LV-22-002 — Assessing the Impacts of Natural Ventilation on Building Energy Use: A Case Study of a Mid-Rise Residential Building in Chicago, IL

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Conference Proceeding by ASHRAE, 2022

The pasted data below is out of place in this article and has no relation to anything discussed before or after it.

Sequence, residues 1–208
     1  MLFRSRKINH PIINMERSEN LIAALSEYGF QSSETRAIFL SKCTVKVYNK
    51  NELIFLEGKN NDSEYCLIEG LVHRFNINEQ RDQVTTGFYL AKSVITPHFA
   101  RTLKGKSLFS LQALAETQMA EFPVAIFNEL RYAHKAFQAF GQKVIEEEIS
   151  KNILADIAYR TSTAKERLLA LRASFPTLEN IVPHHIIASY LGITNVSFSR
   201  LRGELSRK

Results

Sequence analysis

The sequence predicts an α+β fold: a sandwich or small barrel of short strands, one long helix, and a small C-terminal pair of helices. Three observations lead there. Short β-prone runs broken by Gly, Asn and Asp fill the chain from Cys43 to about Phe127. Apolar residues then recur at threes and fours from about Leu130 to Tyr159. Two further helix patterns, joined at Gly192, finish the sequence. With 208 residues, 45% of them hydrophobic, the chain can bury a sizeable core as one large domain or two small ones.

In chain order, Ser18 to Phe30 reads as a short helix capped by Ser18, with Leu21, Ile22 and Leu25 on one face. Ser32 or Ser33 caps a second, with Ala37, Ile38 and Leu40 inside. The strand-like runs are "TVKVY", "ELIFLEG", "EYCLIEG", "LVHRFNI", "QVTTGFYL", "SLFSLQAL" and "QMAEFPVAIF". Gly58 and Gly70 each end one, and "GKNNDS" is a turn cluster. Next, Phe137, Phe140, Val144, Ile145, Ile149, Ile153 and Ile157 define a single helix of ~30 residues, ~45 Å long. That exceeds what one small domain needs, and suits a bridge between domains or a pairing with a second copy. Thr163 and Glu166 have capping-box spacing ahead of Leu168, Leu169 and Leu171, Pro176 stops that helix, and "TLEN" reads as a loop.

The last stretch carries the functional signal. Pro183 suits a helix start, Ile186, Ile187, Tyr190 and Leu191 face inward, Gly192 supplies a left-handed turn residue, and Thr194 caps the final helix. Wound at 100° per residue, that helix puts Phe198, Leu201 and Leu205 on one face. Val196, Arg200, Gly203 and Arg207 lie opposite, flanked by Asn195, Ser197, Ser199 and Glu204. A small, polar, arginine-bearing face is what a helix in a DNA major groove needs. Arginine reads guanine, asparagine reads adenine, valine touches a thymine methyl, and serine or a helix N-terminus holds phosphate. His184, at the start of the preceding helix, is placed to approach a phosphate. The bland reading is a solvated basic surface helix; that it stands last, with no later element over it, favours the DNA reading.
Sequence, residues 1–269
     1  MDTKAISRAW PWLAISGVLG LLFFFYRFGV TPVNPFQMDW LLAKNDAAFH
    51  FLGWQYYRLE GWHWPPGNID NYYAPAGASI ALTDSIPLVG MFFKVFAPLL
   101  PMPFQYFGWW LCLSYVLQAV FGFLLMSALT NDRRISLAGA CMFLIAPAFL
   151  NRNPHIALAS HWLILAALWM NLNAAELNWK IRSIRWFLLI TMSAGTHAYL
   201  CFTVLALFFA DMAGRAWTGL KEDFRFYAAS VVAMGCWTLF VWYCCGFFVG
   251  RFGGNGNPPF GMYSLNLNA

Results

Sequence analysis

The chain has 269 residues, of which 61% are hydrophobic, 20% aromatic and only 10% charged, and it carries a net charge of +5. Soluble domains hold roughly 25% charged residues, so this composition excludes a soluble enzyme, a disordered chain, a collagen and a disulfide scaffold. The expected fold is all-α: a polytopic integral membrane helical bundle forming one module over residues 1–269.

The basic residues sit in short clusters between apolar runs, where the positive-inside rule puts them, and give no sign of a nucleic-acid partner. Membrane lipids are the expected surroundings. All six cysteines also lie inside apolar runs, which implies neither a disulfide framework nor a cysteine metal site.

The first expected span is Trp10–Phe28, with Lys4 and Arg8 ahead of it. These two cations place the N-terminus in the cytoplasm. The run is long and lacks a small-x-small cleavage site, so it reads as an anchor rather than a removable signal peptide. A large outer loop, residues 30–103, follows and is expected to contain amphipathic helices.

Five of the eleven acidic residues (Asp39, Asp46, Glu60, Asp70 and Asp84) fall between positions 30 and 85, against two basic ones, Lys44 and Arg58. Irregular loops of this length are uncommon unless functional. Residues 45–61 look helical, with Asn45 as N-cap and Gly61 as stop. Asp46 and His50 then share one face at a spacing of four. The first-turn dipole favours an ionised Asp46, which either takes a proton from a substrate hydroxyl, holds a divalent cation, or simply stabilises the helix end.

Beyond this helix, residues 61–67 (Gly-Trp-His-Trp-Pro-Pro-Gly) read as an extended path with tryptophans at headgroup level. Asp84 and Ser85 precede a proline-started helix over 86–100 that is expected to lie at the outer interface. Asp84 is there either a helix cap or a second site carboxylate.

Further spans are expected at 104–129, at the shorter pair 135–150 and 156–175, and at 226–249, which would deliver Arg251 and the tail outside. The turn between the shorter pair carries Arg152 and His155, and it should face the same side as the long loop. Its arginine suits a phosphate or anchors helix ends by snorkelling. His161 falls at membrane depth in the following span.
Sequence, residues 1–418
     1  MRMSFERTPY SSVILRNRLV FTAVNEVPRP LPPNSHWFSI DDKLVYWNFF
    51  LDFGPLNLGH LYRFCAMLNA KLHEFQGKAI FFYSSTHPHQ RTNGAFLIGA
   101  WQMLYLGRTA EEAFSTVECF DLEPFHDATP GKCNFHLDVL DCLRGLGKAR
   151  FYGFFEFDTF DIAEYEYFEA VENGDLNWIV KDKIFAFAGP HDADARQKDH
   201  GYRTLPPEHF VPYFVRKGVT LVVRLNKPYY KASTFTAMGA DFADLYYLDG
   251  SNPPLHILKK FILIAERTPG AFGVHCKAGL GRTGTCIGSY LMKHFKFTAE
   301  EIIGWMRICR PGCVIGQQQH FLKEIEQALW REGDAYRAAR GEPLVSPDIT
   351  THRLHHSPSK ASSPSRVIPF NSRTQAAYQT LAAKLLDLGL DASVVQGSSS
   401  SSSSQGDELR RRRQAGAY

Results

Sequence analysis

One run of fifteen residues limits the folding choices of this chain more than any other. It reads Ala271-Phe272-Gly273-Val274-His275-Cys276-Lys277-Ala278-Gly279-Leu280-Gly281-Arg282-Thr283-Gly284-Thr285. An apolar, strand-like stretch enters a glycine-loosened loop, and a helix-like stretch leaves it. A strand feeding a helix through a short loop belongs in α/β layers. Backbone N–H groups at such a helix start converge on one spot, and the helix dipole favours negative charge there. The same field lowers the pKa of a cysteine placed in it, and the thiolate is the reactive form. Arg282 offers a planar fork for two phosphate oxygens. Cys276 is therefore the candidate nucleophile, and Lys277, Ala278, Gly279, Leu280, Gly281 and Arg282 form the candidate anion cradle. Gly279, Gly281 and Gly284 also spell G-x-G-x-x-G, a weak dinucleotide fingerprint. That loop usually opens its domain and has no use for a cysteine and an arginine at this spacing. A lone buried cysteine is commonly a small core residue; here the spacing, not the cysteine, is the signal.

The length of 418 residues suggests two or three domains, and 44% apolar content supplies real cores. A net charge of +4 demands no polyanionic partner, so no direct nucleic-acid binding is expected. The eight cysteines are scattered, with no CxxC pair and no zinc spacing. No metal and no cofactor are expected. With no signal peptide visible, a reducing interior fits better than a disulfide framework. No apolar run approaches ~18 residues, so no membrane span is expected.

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Natural ventilation as a passive strategy in buildings hasbeen increasingly studied in recent years for its potential advantagesto reduce building energy use and improve indoor environmentalquality (IEQ), especially during shoulder seasons (i.e.,transition months or colder summer days). This study investigatesthe energy impacts of natural ventilation in a mid-rise multifamilybuilding in Chicago, IL, using computational fluid dynamics(CFD) simulations and building energy modeling. Consideringweather conditions in Chicago, natural ventilation is assumed tobe applied only for the shoulder seasons (i.e., spring and fall). Tothis end, this study used (1) a coupled modeling method to simulatethe exterior environment to investigate the overall behaviorof outdoor airflow around the building, (2) a decoupled modelingmethod to simulate the detailed interior environment with variousopening scenarios to demonstrate natural ventilation effectiveness,(3) applied building energy models to evaluate the impact ofnatural ventilation on energy use compared to mechanical ventilation,and (4) performed a parametric analysis to explore variousnatural ventilation scenarios with different environmental controlset points, including minimum and maximum outdoor temperaturesand wind speeds. The CFD simulations showed that the ratesof wind-driven natural ventilation were estimated to be about8430 L/s (25.4 ACH) in the gym space and 1270 to 2050 L/s (4.8to 7.8 ACH) in the residential space at average shoulder seasonclimate conditions, depending on different ventilation scenarios,which satisfied the required ASHRAE Standard 62.1-2019 minimumventilation rates. The parametric study of building energysimulations indicated that natural ventilation can reduceseasonal building energy consumption by up to 30% (21,610kWh) and save about $1550 during the shoulder seasonscompared to the mechanical ventilation system.

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